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Creators/Authors contains: "El-Azab, Anter"

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  5. An accurate description of the evolution of dislocation networks is an essential part of discrete and continuum dislocation dynamics models. These networks evolve by motion of the dislocation lines and by forming junctions between these lines via cross slip, annihilation and junction reactions. In this work, we introduce these dislocation reactions into continuum dislocation models using the theory of de Rham currents. We introduce dislocations on each slip system as potentially open lines whose boundaries are associated with junction points and, therefore, still create a network of collectively closed lines that satisfy the classical relations and for the dislocation density tensor and the plastic distortion . To ensure this, we leverage Frank’s second rule at the junction nodes and the concept of virtual dislocation segments. We introduce the junction point density as a new state variable that represents the distribution of junction points within the crystal containing the dislocation network. Adding this information requires knowledge of the global structure of the dislocation network, which we obtain from its representation as a graph. We derive transport relations for the dislocation line density on each slip system in the crystal, which now includes a term that corresponds to the motion of junctionmore »points. We also derive the transport relations for junction points, which include source terms that reflect the topology changes of the dislocation network due to junction formation.« less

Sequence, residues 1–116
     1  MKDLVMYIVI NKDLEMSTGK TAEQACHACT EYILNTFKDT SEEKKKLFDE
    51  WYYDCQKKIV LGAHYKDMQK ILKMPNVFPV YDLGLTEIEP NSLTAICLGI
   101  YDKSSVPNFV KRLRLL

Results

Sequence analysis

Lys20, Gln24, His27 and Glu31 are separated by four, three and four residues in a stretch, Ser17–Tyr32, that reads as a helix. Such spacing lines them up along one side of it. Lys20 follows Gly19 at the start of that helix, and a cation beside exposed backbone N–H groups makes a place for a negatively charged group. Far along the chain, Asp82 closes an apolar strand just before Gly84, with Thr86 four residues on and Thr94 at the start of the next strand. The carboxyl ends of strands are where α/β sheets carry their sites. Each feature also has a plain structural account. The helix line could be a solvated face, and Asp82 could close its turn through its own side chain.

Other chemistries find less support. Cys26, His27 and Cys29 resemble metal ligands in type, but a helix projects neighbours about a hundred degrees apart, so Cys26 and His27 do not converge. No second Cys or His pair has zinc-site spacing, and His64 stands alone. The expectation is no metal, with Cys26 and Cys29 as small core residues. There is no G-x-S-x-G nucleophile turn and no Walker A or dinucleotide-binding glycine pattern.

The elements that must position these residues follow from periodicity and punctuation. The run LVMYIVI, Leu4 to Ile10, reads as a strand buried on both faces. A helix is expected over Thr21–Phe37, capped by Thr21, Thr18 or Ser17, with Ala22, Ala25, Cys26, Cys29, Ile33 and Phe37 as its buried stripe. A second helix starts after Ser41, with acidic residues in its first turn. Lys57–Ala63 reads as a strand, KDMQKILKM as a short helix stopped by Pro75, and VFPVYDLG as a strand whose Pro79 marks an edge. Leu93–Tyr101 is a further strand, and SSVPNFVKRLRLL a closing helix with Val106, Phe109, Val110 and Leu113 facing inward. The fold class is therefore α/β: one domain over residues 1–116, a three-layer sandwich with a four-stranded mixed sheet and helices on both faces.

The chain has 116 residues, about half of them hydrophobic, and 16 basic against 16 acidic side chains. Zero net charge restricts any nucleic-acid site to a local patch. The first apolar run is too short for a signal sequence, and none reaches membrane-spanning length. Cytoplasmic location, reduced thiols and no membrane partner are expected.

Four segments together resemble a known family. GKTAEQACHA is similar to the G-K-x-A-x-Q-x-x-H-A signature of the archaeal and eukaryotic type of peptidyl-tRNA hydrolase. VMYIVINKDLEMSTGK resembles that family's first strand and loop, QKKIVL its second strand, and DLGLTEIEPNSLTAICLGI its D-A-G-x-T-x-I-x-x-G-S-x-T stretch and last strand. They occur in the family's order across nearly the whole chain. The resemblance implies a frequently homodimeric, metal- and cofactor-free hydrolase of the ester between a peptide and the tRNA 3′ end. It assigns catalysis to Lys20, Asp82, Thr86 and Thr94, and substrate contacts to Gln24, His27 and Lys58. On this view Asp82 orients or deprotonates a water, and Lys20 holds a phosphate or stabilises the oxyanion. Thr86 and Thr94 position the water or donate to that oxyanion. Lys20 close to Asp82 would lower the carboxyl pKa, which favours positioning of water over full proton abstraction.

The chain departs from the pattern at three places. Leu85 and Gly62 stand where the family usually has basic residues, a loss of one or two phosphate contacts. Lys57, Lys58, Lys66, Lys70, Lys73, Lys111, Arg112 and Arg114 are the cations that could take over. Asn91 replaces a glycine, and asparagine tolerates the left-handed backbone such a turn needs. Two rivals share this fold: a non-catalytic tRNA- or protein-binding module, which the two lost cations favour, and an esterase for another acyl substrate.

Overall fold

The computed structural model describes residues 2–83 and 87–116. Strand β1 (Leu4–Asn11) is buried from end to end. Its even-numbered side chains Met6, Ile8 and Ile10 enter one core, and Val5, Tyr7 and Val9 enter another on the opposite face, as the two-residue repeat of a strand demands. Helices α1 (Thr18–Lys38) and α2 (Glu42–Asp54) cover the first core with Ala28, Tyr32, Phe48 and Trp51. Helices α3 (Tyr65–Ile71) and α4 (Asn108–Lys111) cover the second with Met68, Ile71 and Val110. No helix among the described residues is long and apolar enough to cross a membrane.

6. The sensitivity of recrystallization kinetics in metals to the heterogeneity of microstructure and deformation history is a widely accepted experimental fact. However, most of the available recrystallization models employ either a mean field approach or use grain-averaged parameters, and thus neglecting the mesoscopic heterogeneity induced by prior deformation. In the present study, we investigate the impact of deformation-induced dislocation (subgrain) structure on the kinetics of recrystallization in metals using the phase-field approach. The primary focus here is upon the role of dislocation cell boundaries. The free energy formulation of the phase-field model accounts for the heterogeneity of the microstructure by assigning localized energy to the resulting dislocation microstructure realizations generated from experimental data. These microstructure realizations are created using the universal scaling laws for the spacing and the misorientation angles of both the geometrically necessary and incidental dislocation boundaries. The resulting free energy is used into an Allen-Cahn based model of recrystallization kinetics, which are solved using the finite element method. The solutions thus obtained shed light on the critical role of the spatial heterogeneity of deformation in the non-smooth growth of recrystallization nuclei and on the final grain structure. The results showed that, in agreement with experiment, the morphologymore »of recrystallization front exhibits protrusions and retrusions. By resolving the subgrain structure, the presented algorithm paves the way for developing predictive kinetic models that fully account for the deformed state of recrystallizing metals.« less